The gradual reopening of the economy in Massachusetts has led to employees feeling more stable in their jobs and financial situations over the past month, according to a new Suffolk University poll for WGBH News, the State House News Service, The Boston Globe, and MassLive.
But residents continue to harbor anxiety over venturing back out to engage in what used to be mundane activities, like eating at a restaurant or taking the subway to see a baseball game. And parents are deeply divided over whether they think it's safe to send their children back to daycare or school, according to the poll.
The pandemic has also hit communities of color particularly hard financially, according to the survey, with Hispanic residents far more likely than white, Black and Asian workers to report diminished income from the coronavirus outbreak, and workers with less education and lower incomes before the pandemic reporting a greater impact from COVID-19.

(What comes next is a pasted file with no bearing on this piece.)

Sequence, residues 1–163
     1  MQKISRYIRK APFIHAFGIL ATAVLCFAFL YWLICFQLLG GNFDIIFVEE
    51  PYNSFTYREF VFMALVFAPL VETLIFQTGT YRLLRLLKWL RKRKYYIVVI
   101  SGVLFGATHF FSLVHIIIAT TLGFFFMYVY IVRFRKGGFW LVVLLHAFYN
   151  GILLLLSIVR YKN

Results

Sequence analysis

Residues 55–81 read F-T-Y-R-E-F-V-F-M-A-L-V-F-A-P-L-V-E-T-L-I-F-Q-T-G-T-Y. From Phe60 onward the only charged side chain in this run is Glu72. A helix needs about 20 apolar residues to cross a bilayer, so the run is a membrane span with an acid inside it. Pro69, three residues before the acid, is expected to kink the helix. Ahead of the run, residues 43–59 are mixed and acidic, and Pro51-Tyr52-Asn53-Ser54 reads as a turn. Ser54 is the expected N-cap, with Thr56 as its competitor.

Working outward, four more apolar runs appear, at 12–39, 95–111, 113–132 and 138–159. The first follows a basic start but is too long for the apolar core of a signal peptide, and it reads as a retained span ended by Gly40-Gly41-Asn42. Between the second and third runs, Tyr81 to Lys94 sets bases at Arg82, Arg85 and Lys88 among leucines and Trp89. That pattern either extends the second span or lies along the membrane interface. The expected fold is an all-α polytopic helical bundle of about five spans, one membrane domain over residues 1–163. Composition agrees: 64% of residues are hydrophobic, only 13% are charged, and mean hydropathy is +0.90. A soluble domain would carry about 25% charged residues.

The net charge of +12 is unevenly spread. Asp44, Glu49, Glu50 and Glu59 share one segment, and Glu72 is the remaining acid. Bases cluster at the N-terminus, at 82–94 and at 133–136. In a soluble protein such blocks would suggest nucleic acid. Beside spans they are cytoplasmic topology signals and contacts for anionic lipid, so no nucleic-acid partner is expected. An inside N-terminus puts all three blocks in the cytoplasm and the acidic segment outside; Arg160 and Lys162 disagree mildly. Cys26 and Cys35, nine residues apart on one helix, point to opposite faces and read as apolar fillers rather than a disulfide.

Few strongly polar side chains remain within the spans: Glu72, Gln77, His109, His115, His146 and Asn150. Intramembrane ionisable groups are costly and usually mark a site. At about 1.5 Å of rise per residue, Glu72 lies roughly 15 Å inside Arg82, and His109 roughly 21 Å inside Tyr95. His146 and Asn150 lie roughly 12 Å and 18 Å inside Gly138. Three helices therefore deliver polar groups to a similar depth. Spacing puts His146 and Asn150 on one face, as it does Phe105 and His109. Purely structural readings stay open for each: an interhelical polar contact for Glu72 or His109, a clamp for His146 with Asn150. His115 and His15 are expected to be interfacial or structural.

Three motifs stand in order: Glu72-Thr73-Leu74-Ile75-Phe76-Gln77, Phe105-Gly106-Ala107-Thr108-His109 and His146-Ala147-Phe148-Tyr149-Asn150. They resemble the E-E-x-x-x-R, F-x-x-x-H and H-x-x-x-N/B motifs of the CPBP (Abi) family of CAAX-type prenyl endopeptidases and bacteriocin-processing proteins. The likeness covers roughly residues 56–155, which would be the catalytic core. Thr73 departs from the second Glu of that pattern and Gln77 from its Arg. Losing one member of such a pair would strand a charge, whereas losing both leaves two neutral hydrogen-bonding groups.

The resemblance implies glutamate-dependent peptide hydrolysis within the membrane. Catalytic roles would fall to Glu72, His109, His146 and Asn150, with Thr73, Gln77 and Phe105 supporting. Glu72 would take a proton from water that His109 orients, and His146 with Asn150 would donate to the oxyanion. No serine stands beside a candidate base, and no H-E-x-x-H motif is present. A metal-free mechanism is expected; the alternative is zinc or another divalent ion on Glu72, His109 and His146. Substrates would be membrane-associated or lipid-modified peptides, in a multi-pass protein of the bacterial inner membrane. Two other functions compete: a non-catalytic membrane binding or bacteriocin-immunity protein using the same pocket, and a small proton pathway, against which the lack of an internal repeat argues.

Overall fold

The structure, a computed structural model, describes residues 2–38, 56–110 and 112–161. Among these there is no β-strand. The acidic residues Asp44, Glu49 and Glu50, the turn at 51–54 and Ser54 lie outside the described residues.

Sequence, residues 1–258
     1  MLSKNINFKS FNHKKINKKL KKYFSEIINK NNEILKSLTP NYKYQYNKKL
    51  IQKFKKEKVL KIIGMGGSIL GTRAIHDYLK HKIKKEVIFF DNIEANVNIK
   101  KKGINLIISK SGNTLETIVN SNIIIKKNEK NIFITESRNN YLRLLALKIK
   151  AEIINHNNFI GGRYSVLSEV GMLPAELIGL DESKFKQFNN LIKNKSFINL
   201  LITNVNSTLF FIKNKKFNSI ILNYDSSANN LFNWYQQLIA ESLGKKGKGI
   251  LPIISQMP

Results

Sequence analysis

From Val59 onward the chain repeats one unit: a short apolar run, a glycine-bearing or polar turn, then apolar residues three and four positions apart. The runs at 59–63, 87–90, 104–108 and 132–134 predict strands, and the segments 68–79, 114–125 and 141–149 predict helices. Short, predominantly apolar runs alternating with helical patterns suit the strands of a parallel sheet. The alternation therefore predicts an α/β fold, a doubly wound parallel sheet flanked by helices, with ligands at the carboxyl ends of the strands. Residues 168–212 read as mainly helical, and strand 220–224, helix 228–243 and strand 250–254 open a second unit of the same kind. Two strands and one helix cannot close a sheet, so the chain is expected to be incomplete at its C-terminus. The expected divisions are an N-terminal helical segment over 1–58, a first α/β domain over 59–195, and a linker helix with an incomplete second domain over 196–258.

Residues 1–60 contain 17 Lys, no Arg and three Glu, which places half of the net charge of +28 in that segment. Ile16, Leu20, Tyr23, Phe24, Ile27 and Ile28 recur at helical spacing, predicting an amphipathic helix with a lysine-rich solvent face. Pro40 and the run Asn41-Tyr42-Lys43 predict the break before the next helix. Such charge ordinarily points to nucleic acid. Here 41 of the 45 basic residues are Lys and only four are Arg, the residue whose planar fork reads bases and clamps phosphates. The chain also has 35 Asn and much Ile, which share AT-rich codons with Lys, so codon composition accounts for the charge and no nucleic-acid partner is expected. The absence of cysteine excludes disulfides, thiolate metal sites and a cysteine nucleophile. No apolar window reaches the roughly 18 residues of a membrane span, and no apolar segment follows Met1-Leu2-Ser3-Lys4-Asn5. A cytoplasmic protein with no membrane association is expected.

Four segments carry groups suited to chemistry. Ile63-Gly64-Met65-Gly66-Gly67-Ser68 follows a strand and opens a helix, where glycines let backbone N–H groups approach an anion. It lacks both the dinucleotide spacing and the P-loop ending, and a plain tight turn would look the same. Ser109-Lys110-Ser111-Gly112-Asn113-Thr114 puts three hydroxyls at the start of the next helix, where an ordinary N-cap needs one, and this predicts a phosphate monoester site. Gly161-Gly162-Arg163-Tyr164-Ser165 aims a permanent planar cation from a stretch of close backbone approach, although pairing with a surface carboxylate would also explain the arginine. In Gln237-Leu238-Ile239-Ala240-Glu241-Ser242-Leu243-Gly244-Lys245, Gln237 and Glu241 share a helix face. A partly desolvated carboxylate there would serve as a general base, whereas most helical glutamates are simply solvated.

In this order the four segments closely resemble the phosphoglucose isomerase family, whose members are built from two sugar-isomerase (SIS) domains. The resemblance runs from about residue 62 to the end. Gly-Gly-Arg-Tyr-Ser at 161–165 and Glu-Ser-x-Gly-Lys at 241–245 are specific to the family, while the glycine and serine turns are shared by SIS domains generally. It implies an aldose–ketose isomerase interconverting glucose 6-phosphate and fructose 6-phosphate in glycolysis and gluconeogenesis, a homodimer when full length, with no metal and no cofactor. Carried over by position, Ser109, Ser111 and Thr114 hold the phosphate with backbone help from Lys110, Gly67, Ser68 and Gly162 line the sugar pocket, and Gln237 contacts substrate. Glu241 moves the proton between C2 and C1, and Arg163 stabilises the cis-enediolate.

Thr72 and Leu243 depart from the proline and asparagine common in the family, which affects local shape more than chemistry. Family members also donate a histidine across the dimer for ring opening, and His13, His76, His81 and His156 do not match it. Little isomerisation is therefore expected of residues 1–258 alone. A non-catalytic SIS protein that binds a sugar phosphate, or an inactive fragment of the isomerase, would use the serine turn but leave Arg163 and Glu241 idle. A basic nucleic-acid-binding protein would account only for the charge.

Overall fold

The WGBH News/SHNS/Suffolk survey of 500 Massachusetts residents was conducted June 18-21 with live callers on cellphones and landlines. It has a margin of error of 4.4 percent.
Michael Riccardelli, 31, of Worcester, worked as a cook for faculty, staff and students at Worcester State University when the pandemic hit and the college shut down its campus. While he hopes to return to his job in the fall, he has had to rely on unemployment benefits to scrap by since March, and even those have now been shut off due to confusion over what program he should qualify under.
"A lot of restaurants are hiring now. Everyone's opening. But the rent's due at the end of the month," said Riccardelli, who hopes to find something part-time until the fall.
The worry still being felt across Massachusetts as the rate of new infections, deaths and hospitalizations from COVID-19 decline underscores the challenges of returning to some normalcy, and reviving an economy before a vaccine for the virus becomes available.